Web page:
May 27, 2017 02:55 AM PST
SINCE 2007

Surviving Sagada

By Lovell Aniag

Sagada has always been on my Bucketlist. As a kid, the farthest place I’ve ever been to was Baguio. Anything beyond the Summer Capital was a place of mystery to me. To my young mind, Sagada was a foreign land where

people looked and dressed differently and have rituals and customs that involved dancing and fire.

Two decades later, the lust for Sagada is still there, further ignited by the cult-movie “That Thing Called Tadhana” (starring Angelica Panganiban and JM De Guzman), which was set on location. So when a friend said she has a week off from work and had nowhere to go, I immediately set out to plan an itinerary to backpack the Cordilleras for the second time, but this time including Sagada.

I felt that all the years I’ve been waiting prepared me for this moment. Or not. So. How did I survive Sagada? Let me count the ways:

1. Cardio.
Sagada is a municipality in the Mt. Province, nestled in a valley between the Cordillera and the Ilocos ranges, giving it a cool climate. The town is small enough to be explored on foot – if you have the energy and the stamina for it. Because of it’s geography, the place is often sloping, so be prepared for uphill walks. Our group got a van to go around.

However, we still got a lot of workout since most tourist spots still involve physical activities.

To see the famous hanging coffins, we had to do a hike through Echo Valley. Spelunking in Sumaguing Cave also tested my endurance and flexibility. A more hardcore version of it will be the Cave Connection of Lumiang and Sumaguing. But that one’s for my next visit. Need to work on my cardio further.

2. Layer
We went there on the coldest month of the year, February. It was freezing, as temperature dropped below 10°C. So if you want to survive 5 a.m. Mt. Kiltepan temperature while waiting for sunrise or enjoy a bonfire dinner at Lake Danum at sunset, wear at least five layers of clothing. A friend even had to bring the hostel blanket to Mt. Kiltepan. It was that cold.

3. Smile
The first thing I noticed upon arriving was the number of tourists. There were a lot! This was kind of a disappointment for me, seeing that in my head, it was supposed to be a mysterious isolated place. The downside of this is that you will have to share your “emo-moment” as you watch the sea of clouds roll over Mt. Kiltepan with a hundred other people.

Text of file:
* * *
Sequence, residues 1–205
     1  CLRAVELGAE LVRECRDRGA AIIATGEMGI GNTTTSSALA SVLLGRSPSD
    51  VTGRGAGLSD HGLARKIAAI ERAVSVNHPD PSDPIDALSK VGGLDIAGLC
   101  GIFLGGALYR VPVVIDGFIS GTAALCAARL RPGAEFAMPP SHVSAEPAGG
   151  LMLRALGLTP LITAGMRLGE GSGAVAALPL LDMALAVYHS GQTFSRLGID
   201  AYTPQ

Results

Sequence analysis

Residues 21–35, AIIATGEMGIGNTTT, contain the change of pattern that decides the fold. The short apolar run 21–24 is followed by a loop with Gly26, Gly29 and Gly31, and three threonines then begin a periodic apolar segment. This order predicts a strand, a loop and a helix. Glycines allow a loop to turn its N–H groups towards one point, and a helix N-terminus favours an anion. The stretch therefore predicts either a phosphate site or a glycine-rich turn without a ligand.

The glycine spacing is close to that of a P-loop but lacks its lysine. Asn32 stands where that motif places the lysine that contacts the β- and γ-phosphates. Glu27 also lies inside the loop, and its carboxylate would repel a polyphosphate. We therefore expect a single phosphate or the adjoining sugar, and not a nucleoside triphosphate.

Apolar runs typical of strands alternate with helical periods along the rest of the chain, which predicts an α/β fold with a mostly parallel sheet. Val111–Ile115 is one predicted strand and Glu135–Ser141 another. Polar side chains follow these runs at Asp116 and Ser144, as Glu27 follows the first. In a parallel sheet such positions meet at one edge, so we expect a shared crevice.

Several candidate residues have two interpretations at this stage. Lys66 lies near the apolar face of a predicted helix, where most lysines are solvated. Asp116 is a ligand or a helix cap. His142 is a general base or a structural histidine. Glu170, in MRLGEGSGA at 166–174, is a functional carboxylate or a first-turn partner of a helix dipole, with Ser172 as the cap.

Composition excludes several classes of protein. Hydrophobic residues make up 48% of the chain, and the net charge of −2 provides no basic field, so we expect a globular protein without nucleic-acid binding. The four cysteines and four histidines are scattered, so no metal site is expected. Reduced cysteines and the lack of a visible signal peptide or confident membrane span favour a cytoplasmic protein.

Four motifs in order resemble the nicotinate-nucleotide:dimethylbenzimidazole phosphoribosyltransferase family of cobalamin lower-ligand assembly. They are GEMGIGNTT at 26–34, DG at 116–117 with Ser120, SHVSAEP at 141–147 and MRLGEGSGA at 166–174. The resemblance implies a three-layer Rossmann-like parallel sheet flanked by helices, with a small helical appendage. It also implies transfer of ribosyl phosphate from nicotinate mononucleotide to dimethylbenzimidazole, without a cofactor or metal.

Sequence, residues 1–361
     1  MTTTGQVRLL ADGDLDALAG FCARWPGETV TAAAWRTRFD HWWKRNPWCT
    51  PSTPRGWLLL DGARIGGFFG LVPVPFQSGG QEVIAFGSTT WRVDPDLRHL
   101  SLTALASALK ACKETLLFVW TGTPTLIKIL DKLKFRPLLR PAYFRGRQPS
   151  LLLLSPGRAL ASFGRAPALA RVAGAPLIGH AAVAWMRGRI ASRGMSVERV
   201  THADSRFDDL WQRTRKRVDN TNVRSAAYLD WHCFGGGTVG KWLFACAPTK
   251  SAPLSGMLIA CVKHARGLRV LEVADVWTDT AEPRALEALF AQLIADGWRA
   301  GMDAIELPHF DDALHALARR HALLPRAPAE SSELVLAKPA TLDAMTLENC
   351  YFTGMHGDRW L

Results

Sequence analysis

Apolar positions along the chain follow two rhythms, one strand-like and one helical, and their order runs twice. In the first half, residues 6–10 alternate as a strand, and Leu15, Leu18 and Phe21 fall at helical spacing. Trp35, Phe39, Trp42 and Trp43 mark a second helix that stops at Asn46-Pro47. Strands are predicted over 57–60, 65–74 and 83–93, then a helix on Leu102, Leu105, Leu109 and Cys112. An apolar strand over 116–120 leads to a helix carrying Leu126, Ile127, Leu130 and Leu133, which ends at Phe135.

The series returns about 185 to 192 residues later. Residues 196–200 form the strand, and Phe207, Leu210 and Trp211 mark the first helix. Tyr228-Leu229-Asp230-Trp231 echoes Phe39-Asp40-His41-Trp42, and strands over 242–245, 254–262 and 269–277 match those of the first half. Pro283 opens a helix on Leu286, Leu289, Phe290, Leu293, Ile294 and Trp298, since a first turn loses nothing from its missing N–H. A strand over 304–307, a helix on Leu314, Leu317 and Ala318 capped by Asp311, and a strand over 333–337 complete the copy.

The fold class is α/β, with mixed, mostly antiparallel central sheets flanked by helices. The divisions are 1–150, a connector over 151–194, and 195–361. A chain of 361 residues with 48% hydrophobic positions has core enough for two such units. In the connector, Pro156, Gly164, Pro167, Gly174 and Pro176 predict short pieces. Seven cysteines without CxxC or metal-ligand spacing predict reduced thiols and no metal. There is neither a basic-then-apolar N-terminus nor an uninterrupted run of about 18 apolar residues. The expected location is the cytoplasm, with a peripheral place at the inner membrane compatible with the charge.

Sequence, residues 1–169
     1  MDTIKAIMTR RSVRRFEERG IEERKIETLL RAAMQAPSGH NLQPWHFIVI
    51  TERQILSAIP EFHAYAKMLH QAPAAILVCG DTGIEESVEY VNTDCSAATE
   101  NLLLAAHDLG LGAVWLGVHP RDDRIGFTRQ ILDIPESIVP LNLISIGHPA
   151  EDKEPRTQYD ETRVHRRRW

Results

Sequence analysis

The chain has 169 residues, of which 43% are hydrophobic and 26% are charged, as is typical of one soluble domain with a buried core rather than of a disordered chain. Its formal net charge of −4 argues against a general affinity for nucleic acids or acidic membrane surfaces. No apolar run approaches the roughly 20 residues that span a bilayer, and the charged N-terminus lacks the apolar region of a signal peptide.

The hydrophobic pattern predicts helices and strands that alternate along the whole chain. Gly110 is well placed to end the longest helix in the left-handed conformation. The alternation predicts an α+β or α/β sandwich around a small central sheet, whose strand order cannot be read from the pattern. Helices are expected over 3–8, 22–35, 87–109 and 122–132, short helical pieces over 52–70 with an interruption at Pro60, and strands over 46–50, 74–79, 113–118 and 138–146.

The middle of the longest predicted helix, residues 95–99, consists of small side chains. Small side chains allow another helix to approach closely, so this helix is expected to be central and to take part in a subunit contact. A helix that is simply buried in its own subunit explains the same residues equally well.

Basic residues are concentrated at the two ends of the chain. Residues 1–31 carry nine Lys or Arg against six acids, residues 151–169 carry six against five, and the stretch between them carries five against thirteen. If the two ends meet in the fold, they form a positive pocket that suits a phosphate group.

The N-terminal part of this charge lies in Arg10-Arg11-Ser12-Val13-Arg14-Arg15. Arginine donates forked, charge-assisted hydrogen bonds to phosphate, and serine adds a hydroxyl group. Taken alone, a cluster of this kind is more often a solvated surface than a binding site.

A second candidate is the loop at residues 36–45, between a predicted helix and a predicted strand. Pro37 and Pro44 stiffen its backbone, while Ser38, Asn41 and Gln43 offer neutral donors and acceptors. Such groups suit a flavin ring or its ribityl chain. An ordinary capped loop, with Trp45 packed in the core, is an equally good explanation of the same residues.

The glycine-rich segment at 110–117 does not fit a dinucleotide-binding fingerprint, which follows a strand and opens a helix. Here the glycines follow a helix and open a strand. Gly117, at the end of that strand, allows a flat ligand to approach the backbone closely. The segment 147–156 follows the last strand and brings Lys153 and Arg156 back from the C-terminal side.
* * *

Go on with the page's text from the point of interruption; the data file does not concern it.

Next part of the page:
On the upside, you will get to meet a lot of people, maybe even find a friend or two. Sagada Pine Café is a quaint little café in the morning that turns into a chill watering hole at night, where a lot of travelers (both Pinoys and foreigners) hang out. Better practice your best smile, your tadhana might be in the crowd. Mine was somewhere else.

4. Talk
I always make it a point to befriend a local or at least talk to them at length. This way, I get to know more about a place than what I find in the internet.

Despite the influx of tourists, Sagada still does not feel as tourist-y as, say Bohol, where tour guides already have memorized spiels, and souvenir shops look dingy and frightening. Establishments here are well-maintained, charmingly homey and often offers “specials” such as The Yoghurt House and Gaia Café and Restaurants (vegan food).

This un-tourist-y feeling of a very tourist-y place is unsettling for me, and I mentioned this to our guide. He says it’s because all businesses are locally owned. By law, outsiders can’t buy properties in Sagada nor can they open businesses. This is to maintain the culture of Sagada while creating opportunities for livelihood for the locals.

Another fact I discovered: majority of the Igorots in Sagada are Anglicans. In the 333 years of Spanish rule in the Philippines, the Spaniards were unable to penetrate the Cordilleras because of the remoteness of the place. So when the American Episcopal Missionaries came to the country in the 1900s, they went straight to the mountains to instigate their faith in the Igorot culture.

Would my younger self love it, had she been with me to Sagada? I’m not really sure, since she expected fire dancing and rituals. I, on the other hand, would want to explore every nook and cranny of the town, and learn more about the culture and people. While the biggest setback for me is the number of tourist there, I feel that Sagada still has gems hidden under its beautiful surface.